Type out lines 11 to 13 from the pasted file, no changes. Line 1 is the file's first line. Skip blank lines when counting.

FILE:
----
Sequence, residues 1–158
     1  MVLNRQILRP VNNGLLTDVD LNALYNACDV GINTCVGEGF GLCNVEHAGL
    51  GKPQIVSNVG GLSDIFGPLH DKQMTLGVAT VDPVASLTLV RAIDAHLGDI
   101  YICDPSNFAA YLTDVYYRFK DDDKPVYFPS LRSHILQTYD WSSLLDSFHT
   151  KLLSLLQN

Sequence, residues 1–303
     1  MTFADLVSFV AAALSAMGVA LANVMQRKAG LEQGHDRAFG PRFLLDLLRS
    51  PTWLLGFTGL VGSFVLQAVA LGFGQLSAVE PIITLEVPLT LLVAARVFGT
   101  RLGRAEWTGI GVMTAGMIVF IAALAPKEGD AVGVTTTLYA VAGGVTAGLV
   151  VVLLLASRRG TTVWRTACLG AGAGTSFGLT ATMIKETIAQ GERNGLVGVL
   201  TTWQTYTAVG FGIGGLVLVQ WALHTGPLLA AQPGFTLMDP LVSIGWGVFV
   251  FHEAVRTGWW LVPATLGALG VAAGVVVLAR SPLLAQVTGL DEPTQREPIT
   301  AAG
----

   201  TTWQTYTAVG FGIGGLVLVQ WALHTGPLLA AQPGFTLMDP LVSIGWGVFV
   251  FHEAVRTGWW LVPATLGALG VAAGVVVLAR SPLLAQVTGL DEPTQREPIT
   301  AAG